How to Easily and Inexpensively
YOUR NICHE BOOK BEFORE YOU WRITE IT"
That's the brand new
30-minute audio CD (with the script in print) that I will have ready
in 15 days. Hard to think of any how-to, step-by-step publishing
knowledge more valuable than that! I'll send you a quick email with the
details in two weeks....
AM I WRITING THIS NEWSLETTER?
Because I'm an old
salt at book publishing, article writing and selling, professional
speaking, and product development who wants and has to move into a new
communication world. The trick is keeping (and improving) earlier
skills and processes to make the redirection into the digital,
Internet-based, cross-media land of information dissemination even better. And I'd like to bring you with me,
so we all get there faster, earn more, and have more fun. I
will still focus on niche publishing and speaking. And
empire-building? You bet! Thanks for coming along...
HAPPENED TO OUR TEST PRODUCTS AT SCRIBD.COM?
In the last
newsletter I promised to post two or three items in Scribd.com to see if
anybody looked at them--or, heavens, bought them. Then I'd let you know
what came from the postings.
you've forgotten what Scribd is, here is their
explanation: "Scribd is the largest social
publishing company in the world--the website where more than 60 million
people each month discover and share original writings and documents. With Scribd's iPaper document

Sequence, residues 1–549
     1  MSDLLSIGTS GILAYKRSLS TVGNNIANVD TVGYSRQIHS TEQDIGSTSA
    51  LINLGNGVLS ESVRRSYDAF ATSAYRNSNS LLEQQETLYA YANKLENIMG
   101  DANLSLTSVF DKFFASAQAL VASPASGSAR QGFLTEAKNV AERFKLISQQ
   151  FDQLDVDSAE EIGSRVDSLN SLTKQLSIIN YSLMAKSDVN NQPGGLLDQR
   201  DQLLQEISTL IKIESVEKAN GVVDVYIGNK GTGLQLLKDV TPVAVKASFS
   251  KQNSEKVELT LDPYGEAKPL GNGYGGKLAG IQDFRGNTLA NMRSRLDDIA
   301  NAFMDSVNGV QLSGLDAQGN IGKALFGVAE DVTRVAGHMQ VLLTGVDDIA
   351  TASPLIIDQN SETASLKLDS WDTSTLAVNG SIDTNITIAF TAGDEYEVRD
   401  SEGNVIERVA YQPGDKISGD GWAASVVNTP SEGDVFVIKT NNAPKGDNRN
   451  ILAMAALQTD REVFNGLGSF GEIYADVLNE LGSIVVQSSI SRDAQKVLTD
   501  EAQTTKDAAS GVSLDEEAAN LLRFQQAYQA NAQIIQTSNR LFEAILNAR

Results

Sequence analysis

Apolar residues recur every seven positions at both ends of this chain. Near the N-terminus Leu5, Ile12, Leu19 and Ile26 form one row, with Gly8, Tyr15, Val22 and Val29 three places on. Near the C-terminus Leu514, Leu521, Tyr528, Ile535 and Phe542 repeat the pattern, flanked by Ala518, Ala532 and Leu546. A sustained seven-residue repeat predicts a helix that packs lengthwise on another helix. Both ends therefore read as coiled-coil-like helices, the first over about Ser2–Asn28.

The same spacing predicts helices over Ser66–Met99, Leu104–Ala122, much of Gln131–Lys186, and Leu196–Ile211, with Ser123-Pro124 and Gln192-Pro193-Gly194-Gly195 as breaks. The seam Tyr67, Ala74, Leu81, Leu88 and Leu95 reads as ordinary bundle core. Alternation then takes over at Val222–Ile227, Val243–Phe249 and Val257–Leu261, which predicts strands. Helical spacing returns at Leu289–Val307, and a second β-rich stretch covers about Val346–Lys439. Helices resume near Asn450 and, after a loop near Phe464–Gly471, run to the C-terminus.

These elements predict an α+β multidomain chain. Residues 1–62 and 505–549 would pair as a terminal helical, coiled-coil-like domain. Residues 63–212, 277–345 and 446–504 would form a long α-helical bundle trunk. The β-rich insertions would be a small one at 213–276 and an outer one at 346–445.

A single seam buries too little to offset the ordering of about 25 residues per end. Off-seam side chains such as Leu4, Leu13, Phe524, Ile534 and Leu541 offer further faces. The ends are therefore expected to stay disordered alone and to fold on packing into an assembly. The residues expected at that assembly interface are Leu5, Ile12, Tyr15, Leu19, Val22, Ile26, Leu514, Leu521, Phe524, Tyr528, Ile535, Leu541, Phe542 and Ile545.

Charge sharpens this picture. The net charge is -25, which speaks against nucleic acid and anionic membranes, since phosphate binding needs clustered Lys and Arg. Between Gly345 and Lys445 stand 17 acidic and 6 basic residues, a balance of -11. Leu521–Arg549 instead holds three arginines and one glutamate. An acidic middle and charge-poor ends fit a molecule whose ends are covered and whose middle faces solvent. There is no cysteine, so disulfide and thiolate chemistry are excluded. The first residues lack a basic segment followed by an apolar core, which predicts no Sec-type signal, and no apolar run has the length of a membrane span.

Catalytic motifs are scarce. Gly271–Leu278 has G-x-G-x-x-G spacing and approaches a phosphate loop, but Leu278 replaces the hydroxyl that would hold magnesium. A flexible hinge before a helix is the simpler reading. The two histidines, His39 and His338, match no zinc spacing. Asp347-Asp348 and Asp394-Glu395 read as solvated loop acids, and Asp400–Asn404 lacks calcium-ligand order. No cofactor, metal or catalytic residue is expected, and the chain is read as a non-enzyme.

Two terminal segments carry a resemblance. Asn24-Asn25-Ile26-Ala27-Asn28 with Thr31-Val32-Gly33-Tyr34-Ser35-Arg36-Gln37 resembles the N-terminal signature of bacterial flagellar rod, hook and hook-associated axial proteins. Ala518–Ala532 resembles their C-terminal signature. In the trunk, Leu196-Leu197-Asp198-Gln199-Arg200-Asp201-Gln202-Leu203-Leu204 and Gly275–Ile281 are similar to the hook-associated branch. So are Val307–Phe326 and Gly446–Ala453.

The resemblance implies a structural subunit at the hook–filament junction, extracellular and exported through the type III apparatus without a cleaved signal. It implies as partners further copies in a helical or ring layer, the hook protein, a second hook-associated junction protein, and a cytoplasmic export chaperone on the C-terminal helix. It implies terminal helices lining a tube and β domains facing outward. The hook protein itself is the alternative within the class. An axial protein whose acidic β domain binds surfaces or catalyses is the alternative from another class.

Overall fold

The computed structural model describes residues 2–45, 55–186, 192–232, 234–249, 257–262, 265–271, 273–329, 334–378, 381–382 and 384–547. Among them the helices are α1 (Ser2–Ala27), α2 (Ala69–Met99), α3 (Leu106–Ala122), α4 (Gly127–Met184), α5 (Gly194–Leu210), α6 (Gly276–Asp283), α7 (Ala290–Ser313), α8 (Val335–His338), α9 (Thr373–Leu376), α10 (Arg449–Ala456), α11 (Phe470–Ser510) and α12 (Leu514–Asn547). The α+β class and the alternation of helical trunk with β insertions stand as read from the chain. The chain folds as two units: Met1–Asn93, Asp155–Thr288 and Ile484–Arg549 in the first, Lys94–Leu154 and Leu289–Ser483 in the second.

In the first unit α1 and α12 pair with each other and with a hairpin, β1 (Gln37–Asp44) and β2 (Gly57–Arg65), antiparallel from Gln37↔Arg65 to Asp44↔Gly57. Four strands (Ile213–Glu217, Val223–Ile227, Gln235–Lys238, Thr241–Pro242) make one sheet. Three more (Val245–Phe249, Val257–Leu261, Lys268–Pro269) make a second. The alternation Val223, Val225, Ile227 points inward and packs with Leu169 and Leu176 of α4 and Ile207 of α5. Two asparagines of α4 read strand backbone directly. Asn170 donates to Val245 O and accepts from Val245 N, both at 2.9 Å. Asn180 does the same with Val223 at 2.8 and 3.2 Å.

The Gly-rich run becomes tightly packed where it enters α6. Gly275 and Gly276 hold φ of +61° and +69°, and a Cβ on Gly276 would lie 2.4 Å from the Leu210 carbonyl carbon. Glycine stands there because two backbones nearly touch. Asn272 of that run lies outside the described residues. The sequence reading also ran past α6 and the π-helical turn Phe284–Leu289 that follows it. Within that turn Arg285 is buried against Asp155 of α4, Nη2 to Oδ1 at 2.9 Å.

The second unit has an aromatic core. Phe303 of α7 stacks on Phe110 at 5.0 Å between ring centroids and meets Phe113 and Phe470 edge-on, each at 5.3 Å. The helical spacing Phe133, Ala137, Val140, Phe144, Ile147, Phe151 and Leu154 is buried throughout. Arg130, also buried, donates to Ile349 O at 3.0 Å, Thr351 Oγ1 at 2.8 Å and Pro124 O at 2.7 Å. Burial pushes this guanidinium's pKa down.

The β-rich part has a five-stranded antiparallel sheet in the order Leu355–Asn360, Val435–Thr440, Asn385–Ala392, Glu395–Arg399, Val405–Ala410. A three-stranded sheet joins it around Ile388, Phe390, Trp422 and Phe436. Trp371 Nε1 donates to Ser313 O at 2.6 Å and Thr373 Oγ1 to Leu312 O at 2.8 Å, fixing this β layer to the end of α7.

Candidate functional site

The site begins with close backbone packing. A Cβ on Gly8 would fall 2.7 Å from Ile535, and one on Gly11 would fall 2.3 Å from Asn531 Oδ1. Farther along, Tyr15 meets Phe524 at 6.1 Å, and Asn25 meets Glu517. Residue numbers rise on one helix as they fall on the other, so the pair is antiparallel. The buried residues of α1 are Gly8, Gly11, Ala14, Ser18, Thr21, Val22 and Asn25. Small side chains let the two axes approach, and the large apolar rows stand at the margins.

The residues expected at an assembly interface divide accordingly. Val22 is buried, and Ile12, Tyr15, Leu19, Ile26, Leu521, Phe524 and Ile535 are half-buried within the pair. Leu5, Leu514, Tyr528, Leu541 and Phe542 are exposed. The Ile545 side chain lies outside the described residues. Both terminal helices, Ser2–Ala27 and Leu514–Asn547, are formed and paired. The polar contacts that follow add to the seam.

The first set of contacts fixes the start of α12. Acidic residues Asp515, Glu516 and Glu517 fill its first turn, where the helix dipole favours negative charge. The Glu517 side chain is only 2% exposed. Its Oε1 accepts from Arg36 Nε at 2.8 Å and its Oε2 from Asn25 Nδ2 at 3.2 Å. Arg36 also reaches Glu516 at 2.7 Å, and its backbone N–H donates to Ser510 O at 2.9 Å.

reader, anyone can easily upload and immediately share their original works
on Scribd.com or any other website. iPaper
transforms 'print' files like PDF, Word or PowerPoint into a web
document--with all the fonts, layout and artwork that makes your document
On 6/4 I sent a 27-page
report that you newsletter subscribers already know, since it's one of the
three free reports you received when you signed up: "101 Niche Marketing Ideas Report."
It was sent in booklet format, and since I could direct it to different
kinds of readers, I sent it to Business/Law (where it's been read by 135
people) and to How-to Guides and Manuals (where 75 have read it). No
comments so far.
It was very easy to
do, and downloaded precisely as it was sent, in very clear fashion. (Just
go see it at www.scribd.com
and post my name to see all four items.) My reaction to the free-read
response rate? Since I plug the newsletter in it, it may account for a
recent surge in subscribers (but so might two other items released in other
formats about the same time). Otherwise, the report sits there, is useful,
draws about 8 lookers (maybe readers) a day, costs nothing, and may be
helpful to others--so what's not to like, other than it's not drawing 88 or
888 viewers a day!
But the paid items
were much harder to get posted (they finally went up on 6/22) because Scribd's posting process got caught in some endless